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Hiring Persons with Disabilities: Getting Started

Hiring persons with disabilities is not that much different from hiring other employees: you focus on ability and find the best person for the job.

Preparation and planning will ensure that your business is accessible to candidates with disabilities at every stage of the hiring process.

Taking the lead

Your attitude as a business leader is the cornerstone of creating an effective, inclusive workplace:

  • Take stock of how inclusive your workplace is right now—you may already have employees and clients with disabilities.
  • Ensure that your senior staff members are aware of your commitment to hiring employees with disabilities. Frame it as an opportunity to increase diversity in your workplace.
  • Offer access to information and training about diversity for staff at all levels. Community agencies specializing in employment services for people with disabilities can often provide this.
  • Write your commitment to hiring people with disabilities into your human resources policy.
  • Be a role model. Show your staff and supervisors you know what inclusion means by respecting all employees as part of the team.


Language and attitude set the tone for welcoming employees with disabilities:

  • Put the person first and the disability second—i.e., a person with a disability rather than a disabled person.
  • Treat people with disabilities as you would other individuals. For example:
    • Make eye contact. Avoiding it may cause discomfort or tension.
    • Even if there's an attendant or interpreter, speak directly to the person involved.


Your recruiting process will probably depend on the kind of positions you want to fill:

  • You may want to work with a local community service provider that specializes in recruitment, placement and workplace support for people with disabilities.
  • You can also visit the Canada Job Bank's Recruit persons with disabilities page to post job ads for free and market them to interested persons with disabilities.
  • Complete a detailed job analysis for the position.
  • Use wording in job postings that encourages candidates with disabilities to apply, e.g. "123 Company is an inclusive, accessible workplace."
  • Make sure your website uses accessible technology and design, including adequate print (font) size. If you use selection software to review resumés or applications online, set it to screen for the actual qualifications and experience you identified in the job posting.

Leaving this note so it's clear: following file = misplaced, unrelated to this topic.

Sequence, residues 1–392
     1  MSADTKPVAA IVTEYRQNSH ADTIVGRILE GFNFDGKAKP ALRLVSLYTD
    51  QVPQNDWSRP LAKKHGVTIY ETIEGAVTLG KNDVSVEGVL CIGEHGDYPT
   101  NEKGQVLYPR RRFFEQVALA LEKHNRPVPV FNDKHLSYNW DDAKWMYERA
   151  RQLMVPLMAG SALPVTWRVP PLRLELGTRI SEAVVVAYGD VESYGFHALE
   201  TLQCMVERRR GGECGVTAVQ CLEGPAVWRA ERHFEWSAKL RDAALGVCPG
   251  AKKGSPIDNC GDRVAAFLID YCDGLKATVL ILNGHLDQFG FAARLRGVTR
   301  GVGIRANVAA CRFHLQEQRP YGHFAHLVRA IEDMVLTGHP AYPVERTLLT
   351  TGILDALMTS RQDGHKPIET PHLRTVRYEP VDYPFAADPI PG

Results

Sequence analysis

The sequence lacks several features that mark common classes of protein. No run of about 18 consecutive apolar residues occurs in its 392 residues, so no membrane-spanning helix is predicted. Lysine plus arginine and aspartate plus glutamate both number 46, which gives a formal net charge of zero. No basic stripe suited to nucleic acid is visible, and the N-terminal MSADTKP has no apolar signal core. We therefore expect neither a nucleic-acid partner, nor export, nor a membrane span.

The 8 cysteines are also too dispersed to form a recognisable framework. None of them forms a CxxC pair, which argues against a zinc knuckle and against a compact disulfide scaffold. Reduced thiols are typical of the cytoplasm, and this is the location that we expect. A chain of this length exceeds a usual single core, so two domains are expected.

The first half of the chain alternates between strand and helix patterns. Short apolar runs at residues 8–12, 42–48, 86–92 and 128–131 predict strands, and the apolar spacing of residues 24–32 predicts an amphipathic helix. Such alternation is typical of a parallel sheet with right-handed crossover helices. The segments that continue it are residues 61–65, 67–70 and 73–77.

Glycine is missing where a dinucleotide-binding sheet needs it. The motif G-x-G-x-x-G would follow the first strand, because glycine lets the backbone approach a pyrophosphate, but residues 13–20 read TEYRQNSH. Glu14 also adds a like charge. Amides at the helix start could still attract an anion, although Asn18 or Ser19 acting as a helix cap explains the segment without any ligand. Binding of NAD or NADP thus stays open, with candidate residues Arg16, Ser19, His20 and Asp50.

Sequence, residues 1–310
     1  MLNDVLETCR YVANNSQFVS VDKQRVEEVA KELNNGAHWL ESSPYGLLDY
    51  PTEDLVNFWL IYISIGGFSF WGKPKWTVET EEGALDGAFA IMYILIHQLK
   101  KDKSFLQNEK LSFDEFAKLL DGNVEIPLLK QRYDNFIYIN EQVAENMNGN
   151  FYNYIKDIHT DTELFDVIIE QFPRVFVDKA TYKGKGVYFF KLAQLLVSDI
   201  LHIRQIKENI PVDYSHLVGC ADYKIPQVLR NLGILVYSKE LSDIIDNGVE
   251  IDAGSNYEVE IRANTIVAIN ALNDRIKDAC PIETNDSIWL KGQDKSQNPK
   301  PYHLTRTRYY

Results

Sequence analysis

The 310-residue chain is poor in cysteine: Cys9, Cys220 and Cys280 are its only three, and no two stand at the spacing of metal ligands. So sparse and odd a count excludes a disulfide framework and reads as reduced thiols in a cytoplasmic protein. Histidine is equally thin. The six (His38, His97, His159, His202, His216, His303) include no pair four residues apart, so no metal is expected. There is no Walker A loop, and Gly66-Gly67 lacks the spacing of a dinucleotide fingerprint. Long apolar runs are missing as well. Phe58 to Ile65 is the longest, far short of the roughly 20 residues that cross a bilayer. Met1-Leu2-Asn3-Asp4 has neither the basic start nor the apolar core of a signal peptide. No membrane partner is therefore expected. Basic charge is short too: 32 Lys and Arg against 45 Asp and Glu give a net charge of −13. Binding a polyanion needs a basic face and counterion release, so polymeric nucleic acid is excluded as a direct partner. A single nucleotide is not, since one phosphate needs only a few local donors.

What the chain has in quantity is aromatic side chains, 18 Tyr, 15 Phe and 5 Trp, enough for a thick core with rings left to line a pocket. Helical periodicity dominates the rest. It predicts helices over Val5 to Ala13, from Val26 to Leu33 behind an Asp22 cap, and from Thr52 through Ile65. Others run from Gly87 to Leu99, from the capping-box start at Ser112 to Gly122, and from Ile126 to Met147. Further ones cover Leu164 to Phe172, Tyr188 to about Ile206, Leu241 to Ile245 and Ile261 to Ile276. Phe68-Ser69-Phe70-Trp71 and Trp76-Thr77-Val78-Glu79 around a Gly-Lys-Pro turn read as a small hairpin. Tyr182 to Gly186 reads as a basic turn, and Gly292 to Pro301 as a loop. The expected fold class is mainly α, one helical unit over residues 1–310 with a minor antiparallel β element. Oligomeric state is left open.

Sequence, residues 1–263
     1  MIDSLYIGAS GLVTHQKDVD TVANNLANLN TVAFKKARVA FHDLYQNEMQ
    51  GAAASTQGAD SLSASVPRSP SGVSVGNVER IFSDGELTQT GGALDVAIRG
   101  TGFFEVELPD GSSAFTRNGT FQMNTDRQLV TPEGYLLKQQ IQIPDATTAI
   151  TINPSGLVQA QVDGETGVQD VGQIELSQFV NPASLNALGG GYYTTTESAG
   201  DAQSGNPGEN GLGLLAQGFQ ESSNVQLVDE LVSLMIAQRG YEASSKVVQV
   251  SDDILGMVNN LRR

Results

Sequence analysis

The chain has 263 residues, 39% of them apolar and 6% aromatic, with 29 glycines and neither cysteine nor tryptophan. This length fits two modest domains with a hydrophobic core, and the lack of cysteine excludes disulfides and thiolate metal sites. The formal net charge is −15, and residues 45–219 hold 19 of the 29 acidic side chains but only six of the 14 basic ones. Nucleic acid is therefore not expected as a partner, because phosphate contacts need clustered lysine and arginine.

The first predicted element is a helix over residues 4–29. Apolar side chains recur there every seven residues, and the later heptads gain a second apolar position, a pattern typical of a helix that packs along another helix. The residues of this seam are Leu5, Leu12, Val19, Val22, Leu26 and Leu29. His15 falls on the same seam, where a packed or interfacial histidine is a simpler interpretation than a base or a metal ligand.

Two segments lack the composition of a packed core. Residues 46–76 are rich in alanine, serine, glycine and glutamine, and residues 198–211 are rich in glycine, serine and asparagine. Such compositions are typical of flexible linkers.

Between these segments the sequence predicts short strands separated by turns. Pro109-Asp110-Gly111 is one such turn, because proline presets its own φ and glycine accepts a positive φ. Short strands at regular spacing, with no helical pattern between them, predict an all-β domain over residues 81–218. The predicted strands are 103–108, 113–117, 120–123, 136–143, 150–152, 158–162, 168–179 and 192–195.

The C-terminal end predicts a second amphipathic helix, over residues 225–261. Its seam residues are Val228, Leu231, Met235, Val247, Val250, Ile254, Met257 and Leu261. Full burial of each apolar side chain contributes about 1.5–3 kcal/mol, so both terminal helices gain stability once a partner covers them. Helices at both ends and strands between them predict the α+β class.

If you're working with a service provider, they will likely handle the hiring process. Otherwise, consider the following:

  • Short list and interview candidates with disabilities the same way you would any candidates—based on their abilities and the job requirements.
  • Consider equivalencies in credentials and experience, and focus on transferrable skills. This opens up the short list to a broader range of qualified candidates.
  • Make sure people with mobility or visual impairments can access the interview and work location.
  • Know what questions you legally can and cannot ask in a job interview. Check out What Can Employers Ask? and visit the information for employers section at the Alberta Human Rights Commission website at
  • The time to ask about accommodations is when you make an offer to the candidate. You may simply ask, "What can we provide or do that will make it easier for you to do this job?"


You're probably already providing accommodations to your employees, such as ergonomic furniture for some workers, or a flexible schedule for a single parent. Accommodating employees with disabilities is often less complicated and less costly than many employers assume:

  • Most accommodations cost less than $500 and are tax deductible as expenses.
  • Accommodations can involve technology (such as voice recognition software) or structural changes (such as ramps or electronic doors).
  • Accommodations may be flexible work practices, such as telecommuting or a self-paced workload.
  • To find out about financial and other support available for employers, check out Alberta Community and Social Services' Disability Related Employment Supports (DRES).
  • Read about best practices in accommodation.
  • To find out more about accommodations, visit the information for employers section at the Alberta Human Rights Commission website at

Engaging and retaining

Employees with disabilities are motivated to work for the same reasons as other employees:

  • Tell them what's expected, offer challenges and provide constructive feedback on their performance.
  • Offer natural supports for success, such as effective orientation, partnering with a co-worker during the orientation period, and opportunities for mentorship and coaching.
  • Include employees with disabilities in group activities, such as after-work get-togethers and charitable fundraisers.
  • Provide access to career and training opportunities.

Hiring people with disabilities is similar in many ways to hiring people without disabilities, with some unique factors to consider. Planning and leadership will help you ensure that your hiring process is accessible to everyone. You will be hiring people with disabilities for the same reasons you hire other job seekers—because they have skills, are motivated and will make good employees.

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